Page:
Friday, November 17, 2017

masaka まさか

The word masaka means "it can't be," right? Or "could it be," right? That's its meaning, right? That what masaka means in Japanese, right? I mean, bakana! doesn't actually mean "impossible!" So... could it be that... masaka...?!


Sure. The word masaka doesn't literally mean "it can't be." That makes no sense. The phrase "it can't be" has a pronoun, an auxiliary verb, and a copulative verb. That's too much stuff for a single word to represent.

Although, to be honest, you can translate masaka as "could it be" and be correct half of the time, even if it sounds a little weird.

masaka まさか examples from manga Meitantei Conan 名探偵コナン

Basically, what the word masaka really means is: "something you don't think will happen." It can refer to anything that's unlikely to happen, to be, or to exist. Anything that's out of consideration. Unexpected.

So masaka doesn't mean "there's no way!" or "could it be?!" It means the thing that makes you say "there's no way!" or "could it be?!"

Because of this, masaka often ends up being used as an expression of surprise, or, more specifically, an expression of disbelief.

For example, if something absurd appears to be happening, you say: masaka! Is that really happening? I didn't think this would happen! I can't believe it!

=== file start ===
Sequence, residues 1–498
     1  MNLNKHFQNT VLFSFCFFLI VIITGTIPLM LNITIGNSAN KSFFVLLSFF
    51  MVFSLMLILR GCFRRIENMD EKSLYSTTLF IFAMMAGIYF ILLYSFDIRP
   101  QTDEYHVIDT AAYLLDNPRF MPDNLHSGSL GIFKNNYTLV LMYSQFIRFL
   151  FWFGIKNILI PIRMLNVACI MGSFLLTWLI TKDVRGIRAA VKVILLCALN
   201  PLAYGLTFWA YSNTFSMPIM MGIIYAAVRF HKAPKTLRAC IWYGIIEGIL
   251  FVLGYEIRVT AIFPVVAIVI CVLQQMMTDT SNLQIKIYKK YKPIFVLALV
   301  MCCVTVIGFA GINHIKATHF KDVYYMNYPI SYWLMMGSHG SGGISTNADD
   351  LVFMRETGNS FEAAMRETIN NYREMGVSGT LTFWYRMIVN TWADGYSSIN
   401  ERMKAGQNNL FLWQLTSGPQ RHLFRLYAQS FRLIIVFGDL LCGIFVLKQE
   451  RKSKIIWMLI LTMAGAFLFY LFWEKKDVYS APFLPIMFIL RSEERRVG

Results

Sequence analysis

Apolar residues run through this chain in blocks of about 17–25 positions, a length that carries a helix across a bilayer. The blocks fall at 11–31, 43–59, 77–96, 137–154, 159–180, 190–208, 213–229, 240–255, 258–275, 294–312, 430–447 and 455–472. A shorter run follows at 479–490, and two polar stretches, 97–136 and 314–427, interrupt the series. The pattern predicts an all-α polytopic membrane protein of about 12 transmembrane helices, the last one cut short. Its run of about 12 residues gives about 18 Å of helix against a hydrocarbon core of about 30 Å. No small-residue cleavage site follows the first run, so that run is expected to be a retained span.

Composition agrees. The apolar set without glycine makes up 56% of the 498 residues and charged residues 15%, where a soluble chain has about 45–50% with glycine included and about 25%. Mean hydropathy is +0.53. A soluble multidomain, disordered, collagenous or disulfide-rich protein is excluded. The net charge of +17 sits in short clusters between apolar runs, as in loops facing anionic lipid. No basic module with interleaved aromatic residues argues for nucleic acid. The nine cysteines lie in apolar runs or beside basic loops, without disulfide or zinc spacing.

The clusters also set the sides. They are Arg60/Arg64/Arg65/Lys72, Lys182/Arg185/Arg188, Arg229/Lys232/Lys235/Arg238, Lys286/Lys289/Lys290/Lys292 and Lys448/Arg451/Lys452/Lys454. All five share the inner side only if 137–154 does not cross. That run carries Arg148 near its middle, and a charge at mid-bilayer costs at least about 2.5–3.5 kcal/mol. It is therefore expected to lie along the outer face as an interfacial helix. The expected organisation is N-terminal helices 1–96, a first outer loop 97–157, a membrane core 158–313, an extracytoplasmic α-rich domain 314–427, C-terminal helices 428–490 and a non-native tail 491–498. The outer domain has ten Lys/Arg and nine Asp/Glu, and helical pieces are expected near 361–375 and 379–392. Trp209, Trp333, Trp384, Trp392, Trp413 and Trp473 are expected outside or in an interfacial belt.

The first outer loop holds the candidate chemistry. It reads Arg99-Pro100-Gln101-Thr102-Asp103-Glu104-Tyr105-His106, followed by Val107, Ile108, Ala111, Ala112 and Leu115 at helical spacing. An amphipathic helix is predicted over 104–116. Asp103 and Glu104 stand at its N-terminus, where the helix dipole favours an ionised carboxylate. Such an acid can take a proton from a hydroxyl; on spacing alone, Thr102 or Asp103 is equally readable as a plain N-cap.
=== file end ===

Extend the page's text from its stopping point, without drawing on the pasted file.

The worst possible scenario appear to be occurring, you say: masaka! How could that be! That's the worst possible thing! We planned for this! Our odds of success were 99.99%!!!1111

By the way, to say just "unexpected" in Japanese, the word would be igai 意外.

"Could it be...?!"

Let's see some examples. First, of a common meaning of masaka: "Could it be...?!"
  • masaka, teki!? まさか、敵!?
    Could it be, enemies!?
    I didn't think this would happen, but: [are those] enemies!?
  • masaka, sore honki de itteru!? まさかそれ本気で言ってる!?
    Could it be, you're seriously saying that!?
    I didn't think this would happen, but: are you seriously saying that?
  • masaka, hontou-ni shinda!? まさか、本当に死んだ!?
    Could it be, he really died!?
    I didn't think this would happen, but: he really died!?

"I can't believe it!"

The word masaka can also be translated as "I can't believe it" most of the time. For example, the examples above, you can replace "could it be" with "I can't believe it." See:
  • I can't believe it! Enemies!?